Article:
Recent media stories, editorials and letters-to-the editor noting the academic performance of students in Jefferson County call to mind the need to look carefully at progress in education and to remind ourselves of the importance of setting high expectations for all Kentucky schools and students.
The clamor about the state’s low-performing schools, and the number of Jefferson County schools on the list, has drawn attention to important issues of student achievement. But it also carries implications that Jefferson County’s students are different from the rest of Kentucky’s students and that different expectations should apply in the state’s largest urban community. As a clear example, low expectations were among the deficiencies cited in the most recent school audits.
First, it is important to note what we at the Prichard Committee have said so many times that it has almost become a cliché: Kentucky, including Jefferson County, has made significant progress in education through the years. But the progress isn’t enough, and too many students are still waiting to experience it. Fourteen percent of Kentucky’s students reside in Jefferson County, so what happens there is of great interest to the state as a whole.
Jefferson County has fallen behind in recent years on state assessments. The percent of Jefferson County students scoring at the lowest levels (called novices) went up from 2007 to 2010 in all five elementary school subjects. At the middle and high school levels, novice performance increased in every subject except writing.
Over the same period, the percent reaching state standards went down. That is, proficient and distinguished results declined in three of five elementary school subjects, four of five middle school subjects, and four of five high school subjects.
The measurement that determines the state’s low-performing schools has been characterized by some as being too narrow in scope and flawed in other ways. But, whether you like the measuring stick or not, it’s the same one used to measure all schools in Kentucky. And the students in many of those schools, located in districts throughout the state, face significant challenges due to extreme poverty, rural isolation and other factors.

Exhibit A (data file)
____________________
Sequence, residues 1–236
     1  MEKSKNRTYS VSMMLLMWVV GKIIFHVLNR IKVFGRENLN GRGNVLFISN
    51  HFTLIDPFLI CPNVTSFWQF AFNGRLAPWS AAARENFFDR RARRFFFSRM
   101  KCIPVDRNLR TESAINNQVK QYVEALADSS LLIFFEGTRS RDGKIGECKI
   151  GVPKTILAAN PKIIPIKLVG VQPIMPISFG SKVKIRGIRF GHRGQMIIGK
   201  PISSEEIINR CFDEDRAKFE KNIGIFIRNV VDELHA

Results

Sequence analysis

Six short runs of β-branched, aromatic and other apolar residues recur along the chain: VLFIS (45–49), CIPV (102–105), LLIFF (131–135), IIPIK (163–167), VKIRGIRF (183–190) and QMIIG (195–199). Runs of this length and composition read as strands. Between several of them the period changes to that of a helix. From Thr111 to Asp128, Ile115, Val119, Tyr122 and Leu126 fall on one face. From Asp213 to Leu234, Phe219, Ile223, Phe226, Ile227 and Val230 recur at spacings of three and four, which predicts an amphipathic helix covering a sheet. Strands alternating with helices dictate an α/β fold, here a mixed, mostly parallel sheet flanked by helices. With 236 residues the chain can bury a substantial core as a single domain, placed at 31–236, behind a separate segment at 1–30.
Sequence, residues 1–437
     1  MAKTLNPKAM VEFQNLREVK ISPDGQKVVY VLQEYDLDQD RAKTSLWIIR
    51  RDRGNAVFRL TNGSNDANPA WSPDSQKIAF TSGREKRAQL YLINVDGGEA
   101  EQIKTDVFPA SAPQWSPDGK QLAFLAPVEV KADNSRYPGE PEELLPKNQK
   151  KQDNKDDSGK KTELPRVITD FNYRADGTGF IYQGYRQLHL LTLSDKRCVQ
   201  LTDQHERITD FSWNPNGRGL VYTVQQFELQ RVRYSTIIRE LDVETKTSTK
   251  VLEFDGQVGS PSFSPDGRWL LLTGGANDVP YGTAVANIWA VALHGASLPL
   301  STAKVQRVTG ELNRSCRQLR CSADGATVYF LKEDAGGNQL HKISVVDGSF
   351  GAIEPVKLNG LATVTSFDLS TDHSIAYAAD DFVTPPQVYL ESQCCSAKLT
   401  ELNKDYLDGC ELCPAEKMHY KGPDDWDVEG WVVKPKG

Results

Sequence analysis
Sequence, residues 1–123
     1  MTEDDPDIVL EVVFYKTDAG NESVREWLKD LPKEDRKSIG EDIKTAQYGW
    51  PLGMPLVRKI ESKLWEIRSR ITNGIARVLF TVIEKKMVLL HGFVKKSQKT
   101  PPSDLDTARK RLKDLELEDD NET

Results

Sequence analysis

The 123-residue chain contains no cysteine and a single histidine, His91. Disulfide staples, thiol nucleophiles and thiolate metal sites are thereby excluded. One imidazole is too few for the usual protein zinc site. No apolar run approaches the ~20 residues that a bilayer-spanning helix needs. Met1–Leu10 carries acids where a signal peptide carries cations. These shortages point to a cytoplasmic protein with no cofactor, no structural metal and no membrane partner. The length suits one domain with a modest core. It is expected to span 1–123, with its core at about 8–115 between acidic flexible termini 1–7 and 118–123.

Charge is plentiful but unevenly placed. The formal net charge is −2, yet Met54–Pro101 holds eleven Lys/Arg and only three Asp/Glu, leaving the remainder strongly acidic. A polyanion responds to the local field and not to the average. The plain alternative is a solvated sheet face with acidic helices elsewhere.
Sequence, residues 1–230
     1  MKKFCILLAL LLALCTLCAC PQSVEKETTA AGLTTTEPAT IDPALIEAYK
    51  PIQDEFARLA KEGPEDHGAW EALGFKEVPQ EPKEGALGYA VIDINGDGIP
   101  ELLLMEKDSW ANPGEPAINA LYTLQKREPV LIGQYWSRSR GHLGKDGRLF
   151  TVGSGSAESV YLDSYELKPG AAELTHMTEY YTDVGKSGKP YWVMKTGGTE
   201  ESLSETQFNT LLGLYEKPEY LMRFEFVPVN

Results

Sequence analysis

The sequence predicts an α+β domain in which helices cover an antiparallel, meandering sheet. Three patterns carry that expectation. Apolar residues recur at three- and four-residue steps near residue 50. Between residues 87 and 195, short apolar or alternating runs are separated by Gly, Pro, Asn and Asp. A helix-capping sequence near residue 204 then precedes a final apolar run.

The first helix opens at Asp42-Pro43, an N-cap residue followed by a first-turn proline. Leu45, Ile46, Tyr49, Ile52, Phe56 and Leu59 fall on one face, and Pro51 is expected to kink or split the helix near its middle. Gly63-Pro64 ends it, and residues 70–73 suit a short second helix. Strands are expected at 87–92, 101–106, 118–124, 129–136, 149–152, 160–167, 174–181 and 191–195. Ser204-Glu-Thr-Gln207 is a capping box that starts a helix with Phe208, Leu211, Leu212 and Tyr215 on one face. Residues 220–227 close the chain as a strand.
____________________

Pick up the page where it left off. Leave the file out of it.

But many of those schools deliver at high levels for students. For example, 46 Kentucky schools are in the top 25 percent for reading results and also in the top 25 percent for low-income enrollment. Another 47 schools are in the top 25 percent for both math results and low-income students. These schools are finding ways to deliver success despite facing the challenges of serving student populations who range from 74 percent to 98 percent participation in the federal school lunch program, a standard measure of poverty.
The message from these schools is that all students can learn, and most at high levels, regardless of where they come from or the circumstances of their lives. This reflects the fundamental belief that framed the Prichard Committee’s early and continuing advocacy on behalf of all Kentucky students and that, in our view, should underscore the commitment of every educator and school district in the state.
The respected Education Trust annually awards its “Dispelling the Myth” recognition to four schools that narrow achievement gaps between student groups, exceed state standards or rapidly improve student learning. Award-winning schools in the past two years have been located in New Orleans, Atlanta, East Harlem, New York, and other communities.
In announcing the awards in 2009, the Education Trust noted that the winners “remind us that low-income students and students of color can achieve at high levels and that schools can make an enormous difference in the lives of all young people and thus in the country’s future.
“These schools challenge the insidious belief that student achievement has more to do with who the students are than how and what they are taught. Each award-winning school is different, yet their success stories have common themes—high expectations, rigorous curricula, high-quality instruction, and regular tracking of student progress. The result: Virtually all students attending these schools meet or exceed state standards.”
The Prichard Committee remains confident that all Kentucky students can achieve the same high goals. Expecting anything less is a disservice to our students and to our state.